Eight (and a half) free Web music players

If you've got real estate on the Web--whether it's a blog, Web site, or MySpace home page--you can show off your musical tastes using these free Web audio players. Get started making playlists, then share them with your friends and the world.

MyFlashFetish player
MyFlashFetish player CNET Networks

If you're the sort of Web surfer who hangs out on social-networking sites like MySpace and Facebook or someone who frequents MP3 blogs, you've surely seen and used one of the free Flash audio players in this article. All of the Web-based apps below let you add a functional music player to your home page or blog with no muss and very little fuss.

In this article, I am focusing on Web software that lets you create custom playlists with specific songs that you want to include. I also include Last.fm (the half in my count) because I love it, but its embeddable player works by offering a personal radio station based on your musical preferences. The music is fantastic, but you can't pick specific songs to add to your playlist.

I have compiled my own mixes using all of these players at a new blog. (I even used MyFlashFetish twice!) Go to MP3 Playlist Overload on Blogger to listen to some of my favorite music and try out the Flash players. I'm sure that there are lots of other free, embeddable music players online, so please tell me about your favorites in the comments.

imeem player
The Imeem player features a clean style and easy-to-find links. CNET Networks

Imeem

The ability to include videos and photos in your playlist, and a strong community that has created a diverse music library are two of the big highlights of the Imeem audio player. Rather than a pure music player, Imeem is designed to create playlists of any sort, including photos and video. All of the content on the site is user submitted, and you can upload your own music or use anyone else's public music to create a playlist that you can embed on your Web site.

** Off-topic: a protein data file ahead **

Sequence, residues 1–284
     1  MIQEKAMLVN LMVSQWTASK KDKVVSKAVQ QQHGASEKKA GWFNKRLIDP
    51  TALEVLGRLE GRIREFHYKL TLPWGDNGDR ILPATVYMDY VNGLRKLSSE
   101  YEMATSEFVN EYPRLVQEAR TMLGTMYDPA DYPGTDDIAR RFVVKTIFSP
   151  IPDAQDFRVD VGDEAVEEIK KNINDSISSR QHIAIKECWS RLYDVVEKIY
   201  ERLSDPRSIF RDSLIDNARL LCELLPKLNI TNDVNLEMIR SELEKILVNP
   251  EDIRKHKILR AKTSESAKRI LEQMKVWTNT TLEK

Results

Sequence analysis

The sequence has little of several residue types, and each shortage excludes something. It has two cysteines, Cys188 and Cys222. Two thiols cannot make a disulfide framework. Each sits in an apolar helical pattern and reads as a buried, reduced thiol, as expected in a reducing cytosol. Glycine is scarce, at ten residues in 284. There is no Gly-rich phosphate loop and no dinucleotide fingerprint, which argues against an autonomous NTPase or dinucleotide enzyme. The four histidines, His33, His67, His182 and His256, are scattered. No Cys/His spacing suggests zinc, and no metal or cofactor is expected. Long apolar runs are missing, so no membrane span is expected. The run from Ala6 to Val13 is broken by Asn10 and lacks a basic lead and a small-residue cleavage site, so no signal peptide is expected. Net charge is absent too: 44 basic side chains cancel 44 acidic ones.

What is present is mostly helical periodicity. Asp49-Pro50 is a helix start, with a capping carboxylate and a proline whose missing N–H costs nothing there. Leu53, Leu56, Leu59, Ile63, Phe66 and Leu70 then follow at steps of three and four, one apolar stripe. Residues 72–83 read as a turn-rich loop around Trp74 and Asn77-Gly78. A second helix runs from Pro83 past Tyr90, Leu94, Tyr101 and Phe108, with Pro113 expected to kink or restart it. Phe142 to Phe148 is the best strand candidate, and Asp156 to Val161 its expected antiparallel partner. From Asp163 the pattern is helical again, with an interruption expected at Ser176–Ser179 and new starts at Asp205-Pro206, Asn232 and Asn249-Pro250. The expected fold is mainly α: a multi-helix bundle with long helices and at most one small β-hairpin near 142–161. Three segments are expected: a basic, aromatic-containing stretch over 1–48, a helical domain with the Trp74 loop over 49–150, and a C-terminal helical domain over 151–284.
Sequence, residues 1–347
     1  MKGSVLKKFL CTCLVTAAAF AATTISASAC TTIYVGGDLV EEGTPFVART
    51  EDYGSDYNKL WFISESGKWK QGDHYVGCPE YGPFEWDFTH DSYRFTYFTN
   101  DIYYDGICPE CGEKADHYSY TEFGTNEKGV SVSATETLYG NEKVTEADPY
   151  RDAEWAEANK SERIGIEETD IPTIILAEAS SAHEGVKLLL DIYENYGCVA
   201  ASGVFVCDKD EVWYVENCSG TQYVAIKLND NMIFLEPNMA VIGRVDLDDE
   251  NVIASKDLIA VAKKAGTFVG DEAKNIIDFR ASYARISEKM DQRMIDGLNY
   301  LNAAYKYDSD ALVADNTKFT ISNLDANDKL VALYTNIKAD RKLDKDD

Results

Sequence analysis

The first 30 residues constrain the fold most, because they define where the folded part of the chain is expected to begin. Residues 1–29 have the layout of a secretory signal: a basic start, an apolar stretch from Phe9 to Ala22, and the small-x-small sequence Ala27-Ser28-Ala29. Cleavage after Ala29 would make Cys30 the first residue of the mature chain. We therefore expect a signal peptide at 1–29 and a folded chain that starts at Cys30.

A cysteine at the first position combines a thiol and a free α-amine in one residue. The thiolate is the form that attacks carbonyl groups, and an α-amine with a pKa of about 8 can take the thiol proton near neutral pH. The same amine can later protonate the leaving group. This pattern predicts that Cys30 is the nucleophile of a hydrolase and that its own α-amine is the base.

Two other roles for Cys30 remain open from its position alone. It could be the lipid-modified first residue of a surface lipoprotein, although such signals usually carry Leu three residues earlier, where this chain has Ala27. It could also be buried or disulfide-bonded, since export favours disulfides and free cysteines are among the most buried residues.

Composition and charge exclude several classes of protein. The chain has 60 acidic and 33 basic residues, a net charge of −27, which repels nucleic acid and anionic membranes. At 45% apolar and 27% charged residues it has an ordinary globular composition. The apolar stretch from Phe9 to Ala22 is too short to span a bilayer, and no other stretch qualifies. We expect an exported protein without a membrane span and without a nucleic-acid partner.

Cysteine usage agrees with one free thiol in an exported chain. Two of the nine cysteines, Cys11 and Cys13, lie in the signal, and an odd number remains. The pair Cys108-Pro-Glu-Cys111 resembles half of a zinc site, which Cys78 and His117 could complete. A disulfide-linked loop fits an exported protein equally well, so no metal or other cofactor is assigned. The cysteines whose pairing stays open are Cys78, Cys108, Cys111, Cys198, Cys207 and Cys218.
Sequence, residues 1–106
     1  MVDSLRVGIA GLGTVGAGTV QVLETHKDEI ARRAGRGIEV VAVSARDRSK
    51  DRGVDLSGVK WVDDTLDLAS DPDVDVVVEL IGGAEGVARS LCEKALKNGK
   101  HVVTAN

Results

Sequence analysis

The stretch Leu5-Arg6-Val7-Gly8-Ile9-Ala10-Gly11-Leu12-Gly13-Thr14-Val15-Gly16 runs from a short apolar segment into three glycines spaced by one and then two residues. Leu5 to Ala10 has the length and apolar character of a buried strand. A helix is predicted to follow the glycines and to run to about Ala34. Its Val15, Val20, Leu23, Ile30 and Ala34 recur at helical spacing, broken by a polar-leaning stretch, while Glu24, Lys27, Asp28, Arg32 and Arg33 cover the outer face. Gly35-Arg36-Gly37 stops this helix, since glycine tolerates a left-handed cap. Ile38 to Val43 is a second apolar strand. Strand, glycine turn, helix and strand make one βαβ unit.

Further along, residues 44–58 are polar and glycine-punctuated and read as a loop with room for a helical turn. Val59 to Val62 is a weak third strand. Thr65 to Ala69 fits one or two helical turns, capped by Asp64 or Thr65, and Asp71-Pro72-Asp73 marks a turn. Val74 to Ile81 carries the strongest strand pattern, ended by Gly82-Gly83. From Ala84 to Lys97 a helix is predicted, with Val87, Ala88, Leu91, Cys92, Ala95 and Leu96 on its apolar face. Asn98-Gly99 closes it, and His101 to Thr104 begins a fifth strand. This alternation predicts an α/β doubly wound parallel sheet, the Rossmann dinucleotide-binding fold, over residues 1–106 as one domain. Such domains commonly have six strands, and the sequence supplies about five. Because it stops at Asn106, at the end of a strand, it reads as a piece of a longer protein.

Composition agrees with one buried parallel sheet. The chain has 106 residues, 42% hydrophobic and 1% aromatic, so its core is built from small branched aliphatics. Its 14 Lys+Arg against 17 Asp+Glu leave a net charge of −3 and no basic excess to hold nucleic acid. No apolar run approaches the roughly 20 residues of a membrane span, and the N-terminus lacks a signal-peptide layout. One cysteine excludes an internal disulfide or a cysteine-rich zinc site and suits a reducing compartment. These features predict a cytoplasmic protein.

Each playlist lives in its own specific URL, and that Web page includes a bevy of tools for sharing your playlists with friends on Facebook and MySpace, or posting them directly to your blog. A simple text field below the sharing tools is your embed code. Two check boxes next to it enable autoshuffle and autoplay, if you so desire. Just copy the text field, paste it into your Web site, and you're ready to roll.

Managing playlists is a breeze. Click "Organize Music Playlist" and a pop-up window or tab will present all of your tracks. Drag and drop songs in the order you want, or click the little red "x" on the right to remove any of them from the list.

Imeem is a fantastic site and community, and the player works and looks great. The only minor complaint I have is with the Imeem Facebook app. It only displays nine of your songs and doesn't refresh properly when the playlist is changed. The generic embedded Web player works fabulously, however.

MyFlashFetish boombox
MyFlashFetish boombox: Pink is the new black. CNET Networks

MyFlashFetish

With an array of player styles, MyFlashFetish will get your blog bumping with a boombox in no time. Pick the player that you like best, click "create," then add MP3s using any live URLs. A built-in search tab provides an easy way to find and add URLs to your list. The site promotes the free hosting service fileden.com, and many of the music search results are from that domain, though other popular MP3 blogs are included.

The search feature used a significant amount of system resources on my PC, often grabbing up to 100 percent of CPU for 15 to 20 seconds while searching. A "Test Song" feature that loads a miniplayer in the search results is an excellent touch, but it often demonstrates the fact that while there are tons of results (including numerous duplicates), many of the URLs aren't functional.

Adding songs to the list puts them into the "Edit Your MP3 Playlist" section of your player page. Organizing a playlist is as simple as dragging tracks to the position you desire. The color of the player is adjustable, and 11 preset color schemes offer an easy shortcut for customizing its look.

Since I'm working with a limited space (one Web page), I appreciate the various sizes of MyFlashFetish. It was definitely a challenge to find enough skinny players for that right column of the Blogger page.

One important thing to note before you add a MyFlashFetish player to your page is that the default code is set to play automatically whenever your page loads (a personal pet peeve). To disable that function, change "autoplay=true" to "autoplay=false" in the flashvars attribute.

It's also worth noting that the MyFlashFetish site has an annoying tendency to log out users after a period of inactivity. Don't start a playlist without finishing it soon, or you may find yourself losing all your work.

SeeqPod player
SeeqPod was partly designed to work well on iPhones. CNET Networks